In high school I invited this girl out on a date. Being from the South, what could be more romantic than a picnic dinner on the bank of a small lake? I packed peanut butter sandwiches, chips, fruit, and some Little Debbie cakes for snacks. I found the greenest spot to lay out the blanket. Sitting down the picnic basket, I went back to the truck to get the fishing poles and tackle. My Southern Belle sat in silence on the blanket as I walked down to the lake to cast my fishing line into the water. I should have noticed the disgust on her face as I forced the Red Wiggler onto the hook and wiped worm juice on my pants leg. We sat in cold silence in the August heat. I finally asked her what was wrong and she said, “I don’t like to fish. I think it is gross.” I also discovered that she does not care for guys who like to fish.
It is true, no matter how odd it seems, there are some people who do not like fishing. Not everyone was born to be a fisherman.
At the beginning of the Gospel of Mark, Jesus calls four of his twelve disciples to follow him. He says, “Follow me and I will make you fish for people” (Mark 1:17). Jesus invites four fishermen to follow him by using a metaphor that speaks to their identity. It is the mark of a true leader to know his followers. A leader is one who understands his followers and is willing to speak their language. If we are going to lead then we got to know our followers.
One of those fishermen whom Jesus called out is Simon, who later will be called Peter. Towards the end of his life he writes, “Like good stewards of the manifold grace of God, serve one another with whatever gift each of you has received” (I Peter 4:10). I can’t help but wonder as he wrote those words if Peter was contemplating the days when Jesus came walking by the Sea of Galilee and calls him out of fishing for creatures that swim in the sea to fishing for people. There is a freedom to following Jesus when we use our gifts and talents.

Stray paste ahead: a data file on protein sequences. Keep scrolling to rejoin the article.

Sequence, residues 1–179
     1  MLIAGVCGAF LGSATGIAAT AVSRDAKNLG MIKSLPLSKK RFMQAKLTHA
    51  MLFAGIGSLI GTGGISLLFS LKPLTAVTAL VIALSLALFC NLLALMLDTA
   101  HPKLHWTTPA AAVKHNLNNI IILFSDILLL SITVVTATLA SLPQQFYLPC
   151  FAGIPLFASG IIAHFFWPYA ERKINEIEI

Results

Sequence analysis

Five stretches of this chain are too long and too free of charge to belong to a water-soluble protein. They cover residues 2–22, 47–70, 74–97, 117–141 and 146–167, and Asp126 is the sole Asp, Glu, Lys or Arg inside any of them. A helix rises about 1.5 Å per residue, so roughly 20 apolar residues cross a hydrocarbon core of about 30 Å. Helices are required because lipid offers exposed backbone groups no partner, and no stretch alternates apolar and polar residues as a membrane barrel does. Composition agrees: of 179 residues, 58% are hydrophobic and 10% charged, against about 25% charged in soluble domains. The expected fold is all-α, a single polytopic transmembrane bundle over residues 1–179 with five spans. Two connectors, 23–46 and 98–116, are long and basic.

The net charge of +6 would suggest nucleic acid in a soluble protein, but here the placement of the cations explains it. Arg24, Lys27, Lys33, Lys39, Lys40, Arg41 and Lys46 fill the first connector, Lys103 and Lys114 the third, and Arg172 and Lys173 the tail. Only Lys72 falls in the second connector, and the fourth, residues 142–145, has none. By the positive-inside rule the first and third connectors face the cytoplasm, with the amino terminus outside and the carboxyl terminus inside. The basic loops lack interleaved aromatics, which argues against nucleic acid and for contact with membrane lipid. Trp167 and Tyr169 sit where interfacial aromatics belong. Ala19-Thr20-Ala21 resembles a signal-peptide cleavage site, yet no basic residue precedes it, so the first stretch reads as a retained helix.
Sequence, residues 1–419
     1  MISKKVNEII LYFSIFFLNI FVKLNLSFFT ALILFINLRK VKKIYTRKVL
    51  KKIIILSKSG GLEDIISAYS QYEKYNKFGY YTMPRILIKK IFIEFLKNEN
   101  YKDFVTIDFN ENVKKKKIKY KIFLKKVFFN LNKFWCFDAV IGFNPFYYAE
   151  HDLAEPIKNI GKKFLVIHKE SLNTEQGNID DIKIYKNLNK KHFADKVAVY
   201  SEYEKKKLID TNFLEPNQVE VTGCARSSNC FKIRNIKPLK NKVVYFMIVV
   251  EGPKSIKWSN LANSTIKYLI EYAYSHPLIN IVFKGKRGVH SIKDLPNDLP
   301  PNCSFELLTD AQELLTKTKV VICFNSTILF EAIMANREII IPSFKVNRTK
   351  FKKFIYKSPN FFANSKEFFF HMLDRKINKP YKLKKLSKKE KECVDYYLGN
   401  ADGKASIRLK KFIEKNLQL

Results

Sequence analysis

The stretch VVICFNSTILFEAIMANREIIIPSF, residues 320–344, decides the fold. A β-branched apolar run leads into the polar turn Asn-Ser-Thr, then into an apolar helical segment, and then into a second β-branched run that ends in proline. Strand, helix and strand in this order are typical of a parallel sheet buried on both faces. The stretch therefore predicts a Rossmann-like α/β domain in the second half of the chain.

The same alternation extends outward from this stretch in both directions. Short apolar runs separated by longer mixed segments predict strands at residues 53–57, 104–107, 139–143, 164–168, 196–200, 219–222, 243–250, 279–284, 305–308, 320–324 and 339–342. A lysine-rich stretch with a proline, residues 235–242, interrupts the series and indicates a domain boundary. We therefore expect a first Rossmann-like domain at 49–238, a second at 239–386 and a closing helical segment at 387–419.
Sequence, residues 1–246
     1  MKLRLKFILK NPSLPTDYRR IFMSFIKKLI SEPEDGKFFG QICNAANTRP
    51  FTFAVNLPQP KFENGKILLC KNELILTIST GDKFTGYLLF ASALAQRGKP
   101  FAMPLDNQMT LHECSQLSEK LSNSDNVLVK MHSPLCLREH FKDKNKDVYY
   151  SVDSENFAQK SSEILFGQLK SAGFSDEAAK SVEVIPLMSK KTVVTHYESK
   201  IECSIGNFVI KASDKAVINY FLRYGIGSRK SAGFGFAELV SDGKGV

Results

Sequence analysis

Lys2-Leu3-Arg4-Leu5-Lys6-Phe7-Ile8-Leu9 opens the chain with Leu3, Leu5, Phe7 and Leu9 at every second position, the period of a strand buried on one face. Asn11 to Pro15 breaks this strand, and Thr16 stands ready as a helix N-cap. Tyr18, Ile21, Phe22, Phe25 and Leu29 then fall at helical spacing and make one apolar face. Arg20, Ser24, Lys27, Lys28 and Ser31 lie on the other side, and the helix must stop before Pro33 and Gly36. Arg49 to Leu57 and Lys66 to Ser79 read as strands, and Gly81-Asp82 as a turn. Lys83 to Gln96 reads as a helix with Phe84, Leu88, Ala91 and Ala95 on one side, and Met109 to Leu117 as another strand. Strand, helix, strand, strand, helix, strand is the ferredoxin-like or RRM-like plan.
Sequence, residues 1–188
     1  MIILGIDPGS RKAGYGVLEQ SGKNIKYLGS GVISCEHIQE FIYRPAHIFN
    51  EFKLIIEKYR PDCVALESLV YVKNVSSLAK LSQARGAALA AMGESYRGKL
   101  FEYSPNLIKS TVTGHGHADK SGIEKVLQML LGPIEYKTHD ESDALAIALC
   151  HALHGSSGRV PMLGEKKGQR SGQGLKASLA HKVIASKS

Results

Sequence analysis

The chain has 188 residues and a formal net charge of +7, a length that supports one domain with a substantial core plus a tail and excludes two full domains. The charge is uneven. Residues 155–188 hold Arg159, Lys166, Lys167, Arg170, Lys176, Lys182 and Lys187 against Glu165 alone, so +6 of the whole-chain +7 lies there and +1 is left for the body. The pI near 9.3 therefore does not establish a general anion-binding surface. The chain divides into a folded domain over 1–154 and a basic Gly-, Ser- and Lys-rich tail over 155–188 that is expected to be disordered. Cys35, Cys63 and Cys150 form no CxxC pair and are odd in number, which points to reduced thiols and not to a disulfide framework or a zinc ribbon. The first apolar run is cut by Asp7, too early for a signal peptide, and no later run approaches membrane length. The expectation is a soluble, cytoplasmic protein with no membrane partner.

Jesus doesn’t ask us to become something or someone we are not. If they were carpenters would he have asked them to be “builders of the Kingdom?” What if they were brick masons? Or mechanics? He called them out to be followers in a way that fit their identity. We may not all be fishermen, but we are called to share the Good News. We use whatever gift we have received to serve one another in love. Peter calls it an act of stewardship, using what has been entrusted to us. Kinda like fishermen being called to fish for people.
Do you agree or disagree?